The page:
Join our Mailing List

"We Tibetans are looking for a legitimate and meaningful autonomy, an arrangement that would enable Tibetans to live within the framework of the People’s Republic of China."

Lhasa Fears Swine Flu

October 18, 2009

Radio Free Asia (RFA)
October 15, 2009

The Tibetan region reports its first death from
the H1N1 virus, and residents fear more deaths to come.

HONG KONG -- Residents of the Tibetan capital
Lhasa say they fear a spike in infections with
H1N1 influenza, while Chinese officials decline to give infection figures.

"This disease has become very serious. Most of
the victims are students," said one Tibetan man living in Lhasa.

"The leadership seems to have been more engrossed
in celebrations of the 60th anniversary, and they
seem to be underplaying the seriousness of the
epidemic," he said, referring to nationwide
celebrations of Communist Party rule on Oct. 1.

China announced its first swine flu death in the Tibetan region last week.

The victim was an 18 year-old Tibetan woman who
had been hospitalized in Lhasa the week before with severe symptoms.

Officials have sent 200,000 doses of influenza A
(H1N1) vaccine to the region since, according to
a statement on the Health Ministry's Web site.

No outreach

But residents say that so far there have been no
Tibetan-language programs on radio or television
to educate the population on how to prevent swine
flu, which was declared a pandemic in June.

Another Tibetan man said that the local swine flu
infection rate is considered "very high" by Lhasa residents.

"The number of people arriving on trains from
different parts of China is increasing, and there
are huge concentrations of people at railway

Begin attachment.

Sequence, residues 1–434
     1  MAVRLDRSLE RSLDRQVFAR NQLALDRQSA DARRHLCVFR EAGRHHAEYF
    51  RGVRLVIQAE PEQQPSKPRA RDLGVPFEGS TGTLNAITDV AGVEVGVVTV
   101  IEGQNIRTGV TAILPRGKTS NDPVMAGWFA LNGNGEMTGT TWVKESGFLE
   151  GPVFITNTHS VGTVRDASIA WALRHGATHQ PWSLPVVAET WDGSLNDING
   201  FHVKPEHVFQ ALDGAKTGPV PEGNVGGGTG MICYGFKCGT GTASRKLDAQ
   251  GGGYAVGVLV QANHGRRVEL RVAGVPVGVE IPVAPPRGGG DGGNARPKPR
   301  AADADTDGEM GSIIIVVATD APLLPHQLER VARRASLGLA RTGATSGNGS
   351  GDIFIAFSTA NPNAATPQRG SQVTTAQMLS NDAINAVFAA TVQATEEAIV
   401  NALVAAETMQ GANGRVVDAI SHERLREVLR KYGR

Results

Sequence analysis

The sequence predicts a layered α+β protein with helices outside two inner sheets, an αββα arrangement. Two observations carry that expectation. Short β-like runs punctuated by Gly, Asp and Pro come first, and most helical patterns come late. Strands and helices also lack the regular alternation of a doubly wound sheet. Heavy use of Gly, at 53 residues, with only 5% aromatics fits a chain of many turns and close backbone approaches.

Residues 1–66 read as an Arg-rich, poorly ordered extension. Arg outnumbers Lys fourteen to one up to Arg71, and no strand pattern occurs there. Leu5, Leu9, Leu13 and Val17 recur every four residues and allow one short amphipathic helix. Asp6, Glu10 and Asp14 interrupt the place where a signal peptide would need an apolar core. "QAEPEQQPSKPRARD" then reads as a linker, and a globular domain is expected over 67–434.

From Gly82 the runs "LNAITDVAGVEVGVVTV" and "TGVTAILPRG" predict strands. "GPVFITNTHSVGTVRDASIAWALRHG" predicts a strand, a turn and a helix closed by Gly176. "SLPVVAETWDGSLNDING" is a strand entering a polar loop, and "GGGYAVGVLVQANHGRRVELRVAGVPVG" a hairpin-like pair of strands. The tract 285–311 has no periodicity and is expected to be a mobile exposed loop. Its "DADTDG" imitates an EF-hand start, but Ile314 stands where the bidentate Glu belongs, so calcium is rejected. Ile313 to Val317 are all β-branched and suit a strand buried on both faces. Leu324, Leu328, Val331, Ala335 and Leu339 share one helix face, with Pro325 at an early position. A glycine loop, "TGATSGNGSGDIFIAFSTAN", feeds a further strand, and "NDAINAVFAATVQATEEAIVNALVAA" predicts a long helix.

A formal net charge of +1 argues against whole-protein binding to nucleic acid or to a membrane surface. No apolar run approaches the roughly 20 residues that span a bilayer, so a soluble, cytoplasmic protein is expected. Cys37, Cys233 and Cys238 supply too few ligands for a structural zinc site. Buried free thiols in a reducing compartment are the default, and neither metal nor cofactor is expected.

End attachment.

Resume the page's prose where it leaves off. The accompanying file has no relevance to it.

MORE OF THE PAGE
stations and other places where people gather.
The chance of getting infected is extremely high," he said.

"It is very serious in the Lhasa area, but the
authorities are trying to underplay the spread of this disease."

No information

A Tibetan woman living in Lhasa said that
Tibetans with swine flu symptoms in the area of
the city near Sera monastery, her own children
among them, have been taken to hospital with the disease.

An employee who answered the phone at the Tibetan
Autonomous Region Epidemic Prevention Department
declined to give official figures for the number
of H1N1 infections in the region.

"You are not a Chinese reporter," she said. "We
can speak only to Chinese reporters."

"I cannot give you information about the disease," she said.

Chinese health officials have warned that the
number of swine flu cases in the country could
reach 10,000 by the peak of the disease season this northern winter.

School outbreaks

Of the 4,415 cases of H1N1 reported in China so
far, the Health Ministry said 3,577 people had
recovered, with one death reported.

Zeng Guang, of the Chinese Center for Disease
Control and Prevention, said that recent clusters
of outbreaks in schools are just the beginning.

"The virus will definitely sicken more people,
with new infections rising more quickly than
before, though no mutations have so far been
detected," he was quoted in the official
English-language China Daily newspaper.

Zeng also warned the virus would now begin to
spread to small cities, to remote and rural
areas, and among groups such as the army and
factory workers during the fall and winter months.

China's government rolled out the first H1N1
pandemic flu vaccine last week, officials said.

Original reporting by RFA's Tibetan service.
Director: Jigme Ngapo. Translated by Karma
Dorjee. Written for the Web in English by
Luisetta Mudie. Edited by Sarah Jackson-Han.
CTC National Office 1425 René-Lévesque Blvd West, 3rd Floor, Montréal, Québec, Canada, H3G 1T7
T: (514) 487-0665
Developed by plank